In short, boondocking is camping for free on public lands without hookups or amenities. Boondockers have to: – Supply their own power – Take all their trash out with them – Conserve fresh water supply – Store black and gray water until they leave
While some boondocking campsites will have a water spigot to use or a dumpster onsite, don’t count on it. The majority of boondocking sites have absolutely nothing. No electricity, no water, no trash disposal, no dump station.
In order to access these sites, you’ll have to travel down unmaintained national forest roads. National forest roads in the US can be very hard for RVers to travel. Some roads are so terrible that they require 4×4 vehicles. And, some roads have a washboard the entire way, making for a very stressful and slow drive.
The best power source for off-grid camping is a solar setup, and solar setups can be very costly. Putting together a solar system can also be very confusing! While generators can provide temporary power to run your appliances or recharge your house batteries, they are loud and use gasoline. Long-term boondocking just isn’t feasible without a good solar setup.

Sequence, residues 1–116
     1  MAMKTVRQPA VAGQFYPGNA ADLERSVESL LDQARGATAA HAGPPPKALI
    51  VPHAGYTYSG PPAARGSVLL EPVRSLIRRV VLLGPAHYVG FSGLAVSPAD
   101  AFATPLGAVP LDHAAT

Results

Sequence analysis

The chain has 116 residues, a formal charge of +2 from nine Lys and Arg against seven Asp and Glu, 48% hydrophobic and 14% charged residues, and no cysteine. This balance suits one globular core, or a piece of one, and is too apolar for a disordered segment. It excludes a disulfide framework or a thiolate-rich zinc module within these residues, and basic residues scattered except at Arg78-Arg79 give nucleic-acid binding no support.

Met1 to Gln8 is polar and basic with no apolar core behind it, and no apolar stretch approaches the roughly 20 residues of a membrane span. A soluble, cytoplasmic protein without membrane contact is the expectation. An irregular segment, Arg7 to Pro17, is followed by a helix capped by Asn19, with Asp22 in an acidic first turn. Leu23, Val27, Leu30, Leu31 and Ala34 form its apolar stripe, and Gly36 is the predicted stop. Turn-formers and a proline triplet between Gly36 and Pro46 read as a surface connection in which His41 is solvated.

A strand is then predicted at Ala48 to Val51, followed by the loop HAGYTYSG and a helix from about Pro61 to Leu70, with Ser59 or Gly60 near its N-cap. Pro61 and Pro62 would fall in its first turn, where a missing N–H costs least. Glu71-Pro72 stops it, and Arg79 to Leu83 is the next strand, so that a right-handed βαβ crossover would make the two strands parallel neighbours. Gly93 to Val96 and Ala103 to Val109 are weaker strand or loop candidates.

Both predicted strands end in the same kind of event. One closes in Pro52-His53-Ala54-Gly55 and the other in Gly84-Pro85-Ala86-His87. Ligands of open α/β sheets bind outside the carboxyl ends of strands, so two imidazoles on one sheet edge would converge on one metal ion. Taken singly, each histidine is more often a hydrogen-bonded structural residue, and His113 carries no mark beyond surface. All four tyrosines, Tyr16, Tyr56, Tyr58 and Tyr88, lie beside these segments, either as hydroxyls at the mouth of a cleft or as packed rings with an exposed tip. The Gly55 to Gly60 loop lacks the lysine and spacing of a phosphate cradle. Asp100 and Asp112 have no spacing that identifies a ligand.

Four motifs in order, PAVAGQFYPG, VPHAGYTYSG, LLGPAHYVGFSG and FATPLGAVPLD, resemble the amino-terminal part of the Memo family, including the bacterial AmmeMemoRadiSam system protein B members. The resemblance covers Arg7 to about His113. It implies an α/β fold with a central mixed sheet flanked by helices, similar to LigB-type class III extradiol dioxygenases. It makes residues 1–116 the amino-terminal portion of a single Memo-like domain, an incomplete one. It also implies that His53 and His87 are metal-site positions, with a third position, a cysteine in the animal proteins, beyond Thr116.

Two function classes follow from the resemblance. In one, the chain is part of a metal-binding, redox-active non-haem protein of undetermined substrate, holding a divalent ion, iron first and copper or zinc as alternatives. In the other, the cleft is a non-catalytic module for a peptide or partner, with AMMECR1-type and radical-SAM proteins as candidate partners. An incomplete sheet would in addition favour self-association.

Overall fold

Being totally alone is the reason many boondockers choose this style of camping. But, if you feel safer with other people around, you should probably avoid boondocking. Due to the remote nature of many boondocking campsites, you may not see another human soul for miles and miles. If that freaks you out, stick to the campgrounds!
Stay limits are put in place to prevent visitors from setting up permanent encampments in the area and to prevent further damaging of the natural resources. Rangers frequently patrol popular boondocking areas to enforce these stay limits.